WRAP UP: UN climate change talks in Cancun
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STEVE CHIOTAKIS: It’s the final day of United Nations climate change talks in Cancun, Mexico. A whole lot wasn’t expected from the summit. So did it deliver anything?
Marketplace’s Eve Troeh is there in the home stretch to give us a wrap-up. Hi Eve.
EVE TROEH: Hi.
CHIOTAKIS: Eve, will there be some surprise deal?
TROEH: Last we heard there are some areas where everyone’s ready to move forward. But there’s sticking points are blocking any major progress, or really even minor progress. Elliot Diringer is here in Cancun with the Pew Center on Global Climate Change. And he put it like this.
ELLIOT DIRINGER: We have the makings of a deal, but time is running short. And parties need to start moving from their hard line positions if within 24 hours we are going to have a deal.
CHIOTAKIS: Alright, hard line positions — who are the big players there, Eve?
TROEH: There are sort of two stories going with big players. More wealthy countries want every nation to sacrifice equally to slow climate change, but that’s very different from the story that’s embedded in UN climate law, which says industrial countries caused climate change, so they should pay first and pay more to fix it. A couple specific things to watch: the U.S. doesn’t think it’s fair for it to give money for climate change, if the countries that get that money, especially China, don’t have to verify their progress. Japan doesn’t think it’s fair to lower its emissions by law if major polluters like the U.S. and China don’t have to do that. So something will be signed in Cancun, Steve, but if it’s not significant, than the UN process for climate change loses a lot of legitimacy.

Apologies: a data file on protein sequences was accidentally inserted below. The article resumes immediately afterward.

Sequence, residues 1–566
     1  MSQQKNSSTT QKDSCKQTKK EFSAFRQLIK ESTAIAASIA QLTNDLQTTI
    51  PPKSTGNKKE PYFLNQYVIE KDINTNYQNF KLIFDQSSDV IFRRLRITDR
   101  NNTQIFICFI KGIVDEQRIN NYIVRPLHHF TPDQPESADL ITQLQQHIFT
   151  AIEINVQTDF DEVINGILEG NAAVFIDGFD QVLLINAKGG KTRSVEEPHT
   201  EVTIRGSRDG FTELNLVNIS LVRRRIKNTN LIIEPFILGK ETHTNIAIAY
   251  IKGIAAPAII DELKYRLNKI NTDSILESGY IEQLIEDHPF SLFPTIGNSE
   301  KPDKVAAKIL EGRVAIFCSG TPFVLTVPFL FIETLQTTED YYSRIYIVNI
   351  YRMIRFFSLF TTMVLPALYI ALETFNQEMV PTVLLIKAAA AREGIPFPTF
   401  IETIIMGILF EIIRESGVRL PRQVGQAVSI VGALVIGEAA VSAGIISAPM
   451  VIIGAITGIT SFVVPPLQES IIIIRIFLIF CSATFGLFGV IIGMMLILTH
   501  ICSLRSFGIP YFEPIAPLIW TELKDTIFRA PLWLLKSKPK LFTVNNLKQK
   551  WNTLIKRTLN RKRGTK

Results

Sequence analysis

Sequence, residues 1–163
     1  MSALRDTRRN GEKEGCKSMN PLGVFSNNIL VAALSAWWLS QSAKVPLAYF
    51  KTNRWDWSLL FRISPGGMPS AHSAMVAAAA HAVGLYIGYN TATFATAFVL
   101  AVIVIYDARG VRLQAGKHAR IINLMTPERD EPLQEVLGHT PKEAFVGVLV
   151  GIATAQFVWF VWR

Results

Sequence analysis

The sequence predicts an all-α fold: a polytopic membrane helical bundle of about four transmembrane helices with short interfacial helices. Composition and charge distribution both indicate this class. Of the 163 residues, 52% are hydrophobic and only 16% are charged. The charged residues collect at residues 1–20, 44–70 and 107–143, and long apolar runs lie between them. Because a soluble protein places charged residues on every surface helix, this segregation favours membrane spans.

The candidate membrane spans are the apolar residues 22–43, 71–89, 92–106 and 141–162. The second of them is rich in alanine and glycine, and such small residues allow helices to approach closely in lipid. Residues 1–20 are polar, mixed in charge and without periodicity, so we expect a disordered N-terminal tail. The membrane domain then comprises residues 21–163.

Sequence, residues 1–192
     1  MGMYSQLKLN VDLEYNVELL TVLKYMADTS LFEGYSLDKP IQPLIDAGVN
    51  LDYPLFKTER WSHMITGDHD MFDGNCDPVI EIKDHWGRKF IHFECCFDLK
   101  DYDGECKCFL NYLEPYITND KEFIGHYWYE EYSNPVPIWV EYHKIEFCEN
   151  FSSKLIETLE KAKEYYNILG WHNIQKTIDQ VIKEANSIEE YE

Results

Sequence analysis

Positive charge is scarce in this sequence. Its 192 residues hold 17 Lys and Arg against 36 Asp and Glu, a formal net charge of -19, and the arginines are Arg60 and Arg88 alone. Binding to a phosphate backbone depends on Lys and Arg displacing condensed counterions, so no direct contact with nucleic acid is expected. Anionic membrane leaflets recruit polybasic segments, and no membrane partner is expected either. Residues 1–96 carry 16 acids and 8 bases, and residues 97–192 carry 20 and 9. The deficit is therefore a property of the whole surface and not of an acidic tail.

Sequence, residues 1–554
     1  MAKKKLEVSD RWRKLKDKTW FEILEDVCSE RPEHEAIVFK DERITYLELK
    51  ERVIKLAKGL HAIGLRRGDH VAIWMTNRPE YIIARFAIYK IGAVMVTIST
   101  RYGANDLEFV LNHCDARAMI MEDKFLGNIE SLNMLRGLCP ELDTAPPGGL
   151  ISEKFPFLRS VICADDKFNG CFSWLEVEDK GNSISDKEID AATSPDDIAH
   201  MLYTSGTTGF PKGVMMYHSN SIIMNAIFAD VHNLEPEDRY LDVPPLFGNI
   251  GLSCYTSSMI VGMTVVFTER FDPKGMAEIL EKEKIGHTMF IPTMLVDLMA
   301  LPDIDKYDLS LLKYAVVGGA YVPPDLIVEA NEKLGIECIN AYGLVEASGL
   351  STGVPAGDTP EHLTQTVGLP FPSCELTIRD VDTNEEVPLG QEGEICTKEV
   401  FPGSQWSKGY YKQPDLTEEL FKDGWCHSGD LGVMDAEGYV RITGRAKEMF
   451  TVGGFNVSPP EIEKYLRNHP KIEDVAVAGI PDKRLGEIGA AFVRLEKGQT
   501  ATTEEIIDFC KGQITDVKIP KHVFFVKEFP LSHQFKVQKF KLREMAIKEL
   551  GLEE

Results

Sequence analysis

CHIOTAKIS: Marketplace’s Eve Troeh in Cancun. Eve, Thanks.
TROEH: Thank you.
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